The findings in The 9/11 Commission Report and the Markle Foundation report1 clearly demonstrated the need for a nationwide capacity to share information that could detect, prevent, or deter a terrorist attack. The Intelligence Reform and Terrorism Prevention Act (IRTPA) of 2004 and the 2007 National Strategy for Information Sharing indicate both legislative and executive intent to establish locally controlled distributed information systems wherein potential terrorism-related information could be contributed by the 18,000 state, local, tribal, and territorial (SLTT) law enforcement agencies for analysis to determine whether there are emerging patterns or trends. Following this guidance, the Nationwide Suspicious Activity Reporting (SAR) Initiative (NSI) was developed.
The NSI is a partnership among federal, state, local, tribal, and territorial law enforcement that establishes a national capacity for gathering, documenting, processing, analyzing, and sharing SAR information—also referred to as the SAR process—in a manner that rigorously protects the privacy and civil liberties of Americans. The ISE-SAR Functional Standard v. 1.5.5 defines suspicious activity as “observed behavior reasonably indicative of pre-operational planning associated with terrorism or other criminal activity.” This definition was developed after critical input from several privacy, civil rights, and civil liberties advocacy groups, including the American Civil Liberties Union (ACLU). The SAR process is critical to sharing information about suspicious activity with a potential nexus to terrorism, which can help prevent terrorist attacks and other related criminal activity from occurring. In developing the standards and processes, the NSI leveraged the guidance and expertise provided by the Global Justice Information Sharing Initiative (Global), which serves as a Federal Advisory Committee and advises the U.S. Attorney General on justice information sharing and integration initiatives. This includes leveraging the National Information Exchange Model (NIEM), which allows the interoperability and seamless exchange of information.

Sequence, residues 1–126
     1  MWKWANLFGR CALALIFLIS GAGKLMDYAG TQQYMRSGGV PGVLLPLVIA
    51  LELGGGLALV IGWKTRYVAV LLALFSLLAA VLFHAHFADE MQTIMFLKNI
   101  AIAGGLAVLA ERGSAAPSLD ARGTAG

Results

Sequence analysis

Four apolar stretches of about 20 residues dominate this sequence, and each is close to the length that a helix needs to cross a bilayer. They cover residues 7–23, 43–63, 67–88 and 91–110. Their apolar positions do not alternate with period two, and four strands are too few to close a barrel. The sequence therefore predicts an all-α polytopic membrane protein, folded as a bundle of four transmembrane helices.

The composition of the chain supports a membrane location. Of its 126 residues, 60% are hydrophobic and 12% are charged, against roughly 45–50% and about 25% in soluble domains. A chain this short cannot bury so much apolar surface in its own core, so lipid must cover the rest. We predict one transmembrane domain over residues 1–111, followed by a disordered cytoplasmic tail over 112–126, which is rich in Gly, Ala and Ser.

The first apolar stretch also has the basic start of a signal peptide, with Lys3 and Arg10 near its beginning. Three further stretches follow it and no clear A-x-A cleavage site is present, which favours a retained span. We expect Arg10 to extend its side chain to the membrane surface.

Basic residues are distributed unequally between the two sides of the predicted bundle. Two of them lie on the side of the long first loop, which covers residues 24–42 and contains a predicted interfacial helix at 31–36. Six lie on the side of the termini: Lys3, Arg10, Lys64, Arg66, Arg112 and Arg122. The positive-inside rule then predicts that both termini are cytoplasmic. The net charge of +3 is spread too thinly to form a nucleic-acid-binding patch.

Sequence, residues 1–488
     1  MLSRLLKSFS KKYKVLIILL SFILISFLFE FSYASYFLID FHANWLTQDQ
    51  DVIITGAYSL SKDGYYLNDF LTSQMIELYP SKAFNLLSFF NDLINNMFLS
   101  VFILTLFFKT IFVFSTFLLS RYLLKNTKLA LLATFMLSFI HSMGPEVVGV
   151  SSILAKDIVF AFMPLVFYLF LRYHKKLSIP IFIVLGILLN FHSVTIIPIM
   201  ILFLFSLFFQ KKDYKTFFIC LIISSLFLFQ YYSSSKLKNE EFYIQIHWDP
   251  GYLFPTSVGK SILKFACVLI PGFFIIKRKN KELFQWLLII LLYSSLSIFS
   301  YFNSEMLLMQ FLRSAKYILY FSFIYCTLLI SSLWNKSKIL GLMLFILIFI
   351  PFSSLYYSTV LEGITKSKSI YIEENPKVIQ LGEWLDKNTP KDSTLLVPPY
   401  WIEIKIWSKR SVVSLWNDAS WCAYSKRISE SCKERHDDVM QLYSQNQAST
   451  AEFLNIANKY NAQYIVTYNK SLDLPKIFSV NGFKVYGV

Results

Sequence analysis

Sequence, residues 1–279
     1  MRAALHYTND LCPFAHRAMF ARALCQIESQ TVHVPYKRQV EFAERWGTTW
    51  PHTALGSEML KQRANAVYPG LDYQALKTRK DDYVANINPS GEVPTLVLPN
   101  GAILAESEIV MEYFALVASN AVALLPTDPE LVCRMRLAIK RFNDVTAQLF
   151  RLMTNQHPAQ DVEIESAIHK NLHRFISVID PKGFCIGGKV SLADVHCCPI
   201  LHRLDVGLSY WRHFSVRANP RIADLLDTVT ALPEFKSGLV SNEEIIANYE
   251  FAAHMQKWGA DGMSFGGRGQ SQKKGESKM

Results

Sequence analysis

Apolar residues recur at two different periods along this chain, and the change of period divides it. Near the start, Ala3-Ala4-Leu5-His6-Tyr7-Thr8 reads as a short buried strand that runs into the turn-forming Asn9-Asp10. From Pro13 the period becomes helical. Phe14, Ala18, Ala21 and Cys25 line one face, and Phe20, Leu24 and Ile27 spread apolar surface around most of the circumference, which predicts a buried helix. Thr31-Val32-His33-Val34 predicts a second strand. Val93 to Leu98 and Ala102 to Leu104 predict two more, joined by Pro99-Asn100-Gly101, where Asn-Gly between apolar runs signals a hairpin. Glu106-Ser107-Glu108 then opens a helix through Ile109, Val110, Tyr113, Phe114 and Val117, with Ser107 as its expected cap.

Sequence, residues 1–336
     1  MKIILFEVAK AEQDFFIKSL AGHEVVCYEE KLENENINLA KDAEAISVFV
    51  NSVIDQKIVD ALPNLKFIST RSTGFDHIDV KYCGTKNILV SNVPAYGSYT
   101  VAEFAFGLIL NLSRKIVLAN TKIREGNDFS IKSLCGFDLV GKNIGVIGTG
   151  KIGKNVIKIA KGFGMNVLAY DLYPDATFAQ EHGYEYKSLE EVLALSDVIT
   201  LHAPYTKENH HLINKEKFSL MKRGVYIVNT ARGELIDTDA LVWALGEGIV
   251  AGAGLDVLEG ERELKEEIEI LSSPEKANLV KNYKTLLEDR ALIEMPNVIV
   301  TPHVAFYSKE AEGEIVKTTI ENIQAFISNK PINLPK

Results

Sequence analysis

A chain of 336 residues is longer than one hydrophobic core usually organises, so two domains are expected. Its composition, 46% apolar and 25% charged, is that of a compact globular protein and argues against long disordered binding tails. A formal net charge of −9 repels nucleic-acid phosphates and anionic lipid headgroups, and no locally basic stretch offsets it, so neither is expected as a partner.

The NSI is a collaborative effort among SLTT and federal agencies, led by the U.S. Department of Homeland Security (DHS) and the Federal Bureau of Investigation (FBI), in coordination with the Program Manager for the Information Sharing Environment (PM-ISE), Global, and the Criminal Intelligence Coordinating Council (CICC). Support of the Nationwide SAR Initiative (NSI) efforts has been publicly stated by major law enforcement associations, including the International Association of Chiefs of Police (IACP), the Major Cities Chiefs Association (MCCA), the Major County Sheriffs’ Association (MCSA), the National Sheriffs’ Association (NSA), and the Association of State Criminal Investigative Agencies (ASCIA).
On October 1, 2013, DHS and the FBI, in coordination with the Bureau of Justice Assistance (BJA), directed the nationwide transition of the NSI Shared Space to a new technology platform in support of the seamless sharing of SARs. Consequently, DHS and the FBI assumed responsibility for the NSI. Training, technical assistance, and outreach are now the responsibility of DHS, while the FBI is responsible for NSI technology. The core mission of the NSI is to assist agencies with adopting compatible processes, policies, and standards that foster broader sharing of SARs, while ensuring that privacy, civil rights, and civil liberties are protected. Primary functions of the NSI executive agent include advocating on behalf of the initiative, providing guidance to participants at all levels, and coordinating various efforts within the NSI. Given the criticality of privacy, civil rights, and civil liberties issues, the NSI works collaboratively with and is supported by the U.S. Department of Justice (DOJ) Privacy and Civil Liberties Office.